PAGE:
The silence imposed through impunity condemns all the victims of the human right violations committed during the dictatorial rule of Pinochet, both directly and indirectly, to their suffering and despair. Difficulty arises in terms of the healing process and social rehabilitation. In the absence of justice, victims cannot break free of their hatred and desire for revenge. Simultaneously, the perpetrators too cannot recover their dignity by acknowledging their guilt and paying their debt to society. This hinders the conciliation between the victims and the perpetrators and prevents any restoration of relationships, both between individuals and between groups. More than quarter of a century later, the struggle and mobilization against impunity is still evidently present in Chile. The victims have remained determined that seeing the truth and justice prevail is an essential precondition for national reconciliation. Societies remain deeply divided along political, ideological and philosophical lines. This becomes evident through the many ways Chileans have chosen to express their thoughts on impunity: through writing, art, music, speeches, etc. One example to demonstrate this train of thought is given by Roberta Bacic, a human rights activist. I quote: “ All the activity and argument demonstrates that the topic [impunity] is neither forgotten nore forgiven, and that Chilean society has not been reconciled. No law can achieve that and the process of facing and dealing with our own history has to be dealt with. What do we have to do as a society to restore healthy relationships? Who is responsible for this? How can victims and perpetrators coexist without having at least recognised the harm that has been caused?” (Rigby 2001:89). It becomes clear that still many unanswered questions prevail in the minds of Chileans and they are determined to continue the quest against impunity, initiated by the Commission, until the answers are found, in order to stimulate the process towards authentic national reconciliation.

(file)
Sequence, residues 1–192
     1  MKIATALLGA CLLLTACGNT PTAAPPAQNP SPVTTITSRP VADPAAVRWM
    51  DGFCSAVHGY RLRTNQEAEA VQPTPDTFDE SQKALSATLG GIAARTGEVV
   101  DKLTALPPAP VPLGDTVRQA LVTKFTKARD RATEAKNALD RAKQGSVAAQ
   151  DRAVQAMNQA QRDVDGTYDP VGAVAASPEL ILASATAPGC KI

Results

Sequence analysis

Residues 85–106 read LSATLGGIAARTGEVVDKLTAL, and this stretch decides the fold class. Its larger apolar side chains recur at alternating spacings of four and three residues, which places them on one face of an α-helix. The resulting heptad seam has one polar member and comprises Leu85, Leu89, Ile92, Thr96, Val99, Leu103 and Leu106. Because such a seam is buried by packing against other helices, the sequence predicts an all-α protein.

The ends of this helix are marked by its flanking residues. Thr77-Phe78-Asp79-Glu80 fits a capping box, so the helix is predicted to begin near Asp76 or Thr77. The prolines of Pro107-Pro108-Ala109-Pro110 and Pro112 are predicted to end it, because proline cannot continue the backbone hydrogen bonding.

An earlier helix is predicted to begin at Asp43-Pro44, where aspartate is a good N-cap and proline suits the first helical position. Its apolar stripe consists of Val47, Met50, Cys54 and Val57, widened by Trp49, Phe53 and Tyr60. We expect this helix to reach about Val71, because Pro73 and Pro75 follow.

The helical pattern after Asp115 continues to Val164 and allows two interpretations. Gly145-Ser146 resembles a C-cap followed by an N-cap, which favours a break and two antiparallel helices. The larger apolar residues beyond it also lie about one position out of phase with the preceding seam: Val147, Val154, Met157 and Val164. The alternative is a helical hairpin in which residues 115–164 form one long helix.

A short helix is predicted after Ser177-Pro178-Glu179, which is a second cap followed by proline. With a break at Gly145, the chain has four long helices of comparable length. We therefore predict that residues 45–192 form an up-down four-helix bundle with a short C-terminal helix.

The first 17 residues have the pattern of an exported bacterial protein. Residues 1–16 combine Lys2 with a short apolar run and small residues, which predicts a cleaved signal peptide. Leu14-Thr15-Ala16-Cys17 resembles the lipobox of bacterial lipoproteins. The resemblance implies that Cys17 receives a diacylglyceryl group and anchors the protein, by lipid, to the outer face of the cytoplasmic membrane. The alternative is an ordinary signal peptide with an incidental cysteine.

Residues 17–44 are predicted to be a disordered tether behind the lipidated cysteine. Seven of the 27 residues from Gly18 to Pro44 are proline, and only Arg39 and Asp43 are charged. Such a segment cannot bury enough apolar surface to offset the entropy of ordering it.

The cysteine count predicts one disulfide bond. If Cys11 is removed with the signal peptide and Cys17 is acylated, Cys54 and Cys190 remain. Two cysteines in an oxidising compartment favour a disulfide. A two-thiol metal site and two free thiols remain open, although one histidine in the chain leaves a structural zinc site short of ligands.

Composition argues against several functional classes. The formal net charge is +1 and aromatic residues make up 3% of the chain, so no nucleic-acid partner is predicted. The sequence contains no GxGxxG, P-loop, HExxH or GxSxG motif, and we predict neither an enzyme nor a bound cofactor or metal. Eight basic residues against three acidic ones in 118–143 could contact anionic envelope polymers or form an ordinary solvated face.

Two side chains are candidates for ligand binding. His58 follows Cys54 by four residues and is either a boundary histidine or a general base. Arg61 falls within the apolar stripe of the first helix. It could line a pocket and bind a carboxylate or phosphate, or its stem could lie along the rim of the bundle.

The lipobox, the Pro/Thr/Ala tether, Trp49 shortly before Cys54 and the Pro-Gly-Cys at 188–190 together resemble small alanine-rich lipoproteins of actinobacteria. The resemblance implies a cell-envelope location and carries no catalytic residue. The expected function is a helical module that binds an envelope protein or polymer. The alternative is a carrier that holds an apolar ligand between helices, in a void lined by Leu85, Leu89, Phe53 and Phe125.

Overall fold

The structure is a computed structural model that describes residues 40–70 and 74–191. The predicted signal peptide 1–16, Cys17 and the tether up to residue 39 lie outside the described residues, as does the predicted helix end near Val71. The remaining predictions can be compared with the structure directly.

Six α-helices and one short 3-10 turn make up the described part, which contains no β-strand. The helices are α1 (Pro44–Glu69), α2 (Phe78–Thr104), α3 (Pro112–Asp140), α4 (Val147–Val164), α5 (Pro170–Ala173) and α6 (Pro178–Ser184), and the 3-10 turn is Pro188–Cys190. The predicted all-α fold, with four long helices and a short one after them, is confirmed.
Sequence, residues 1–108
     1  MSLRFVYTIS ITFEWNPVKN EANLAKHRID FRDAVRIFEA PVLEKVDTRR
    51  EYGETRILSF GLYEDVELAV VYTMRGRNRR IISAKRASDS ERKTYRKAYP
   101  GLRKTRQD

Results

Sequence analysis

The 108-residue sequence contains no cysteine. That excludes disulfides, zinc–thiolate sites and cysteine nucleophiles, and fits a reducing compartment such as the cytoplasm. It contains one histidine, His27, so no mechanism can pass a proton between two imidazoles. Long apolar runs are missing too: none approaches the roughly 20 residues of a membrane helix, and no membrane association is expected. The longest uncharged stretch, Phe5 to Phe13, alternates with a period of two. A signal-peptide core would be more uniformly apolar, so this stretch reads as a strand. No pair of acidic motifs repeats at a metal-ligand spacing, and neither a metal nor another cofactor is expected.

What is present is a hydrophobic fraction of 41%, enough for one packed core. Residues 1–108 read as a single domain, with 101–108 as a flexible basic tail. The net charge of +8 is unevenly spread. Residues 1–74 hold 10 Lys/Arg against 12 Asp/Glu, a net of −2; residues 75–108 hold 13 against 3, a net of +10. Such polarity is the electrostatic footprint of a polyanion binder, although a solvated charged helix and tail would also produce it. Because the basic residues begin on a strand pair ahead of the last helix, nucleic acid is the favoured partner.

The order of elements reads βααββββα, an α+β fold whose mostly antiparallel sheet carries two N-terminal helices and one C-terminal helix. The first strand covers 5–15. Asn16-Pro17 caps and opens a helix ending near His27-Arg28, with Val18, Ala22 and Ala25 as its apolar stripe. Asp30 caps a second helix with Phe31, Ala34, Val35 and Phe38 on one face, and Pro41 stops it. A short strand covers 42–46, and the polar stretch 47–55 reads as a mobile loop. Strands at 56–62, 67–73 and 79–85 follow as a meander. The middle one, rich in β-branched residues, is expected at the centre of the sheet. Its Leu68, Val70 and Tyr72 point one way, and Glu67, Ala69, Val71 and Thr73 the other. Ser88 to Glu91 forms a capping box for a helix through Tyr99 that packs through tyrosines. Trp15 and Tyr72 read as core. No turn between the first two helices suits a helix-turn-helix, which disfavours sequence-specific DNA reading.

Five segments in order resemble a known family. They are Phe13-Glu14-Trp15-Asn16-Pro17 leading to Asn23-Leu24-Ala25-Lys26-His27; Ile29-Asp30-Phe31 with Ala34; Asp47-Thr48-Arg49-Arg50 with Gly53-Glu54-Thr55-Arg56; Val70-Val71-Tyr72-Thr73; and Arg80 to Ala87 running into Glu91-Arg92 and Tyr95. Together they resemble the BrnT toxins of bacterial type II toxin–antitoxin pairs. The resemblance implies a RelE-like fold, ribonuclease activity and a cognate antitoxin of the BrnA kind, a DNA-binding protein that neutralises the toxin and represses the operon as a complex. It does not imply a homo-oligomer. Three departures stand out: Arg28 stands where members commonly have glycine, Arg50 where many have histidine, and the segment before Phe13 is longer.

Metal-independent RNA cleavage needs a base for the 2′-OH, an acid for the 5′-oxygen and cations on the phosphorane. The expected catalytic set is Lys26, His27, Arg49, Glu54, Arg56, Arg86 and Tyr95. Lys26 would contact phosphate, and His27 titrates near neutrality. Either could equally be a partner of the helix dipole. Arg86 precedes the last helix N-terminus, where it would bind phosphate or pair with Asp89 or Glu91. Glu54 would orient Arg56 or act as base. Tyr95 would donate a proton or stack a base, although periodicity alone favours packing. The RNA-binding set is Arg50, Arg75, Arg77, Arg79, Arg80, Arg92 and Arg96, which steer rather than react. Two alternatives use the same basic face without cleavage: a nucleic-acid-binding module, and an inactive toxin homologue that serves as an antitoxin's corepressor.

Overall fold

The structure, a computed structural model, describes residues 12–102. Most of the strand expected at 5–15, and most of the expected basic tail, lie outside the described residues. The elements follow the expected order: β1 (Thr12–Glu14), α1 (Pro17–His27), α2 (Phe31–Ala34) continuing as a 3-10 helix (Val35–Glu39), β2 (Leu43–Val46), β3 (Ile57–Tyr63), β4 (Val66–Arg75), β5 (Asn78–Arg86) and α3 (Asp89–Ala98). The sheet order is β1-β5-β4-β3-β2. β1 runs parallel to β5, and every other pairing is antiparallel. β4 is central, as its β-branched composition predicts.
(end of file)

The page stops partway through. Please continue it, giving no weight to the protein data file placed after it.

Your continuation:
Having given some background information on the Chilean National Commission on Truth and Reconciliation and after having explored the two key concepts of reconciliation and impunity and placing the two in context of Chile's attempt of reconciliation post-dictatorship, I have arrived at the conclusion of my paper.

As I have mentioned several times reconciliation is a process, it is not something that can be brought about rapidly or suddenly. Instead it needs time to develop and a context in which the necessary prerequisites are present in order for the society to reconcile. In Chile in this context not all prerequisites could be met by the new government of Aylwin and society as a whole, since impunity stood in the way of justice. Consequently regarding the context, lasting reconciliation could not quite be achieved in Chilean society – a society in which the past continues to dominate the present.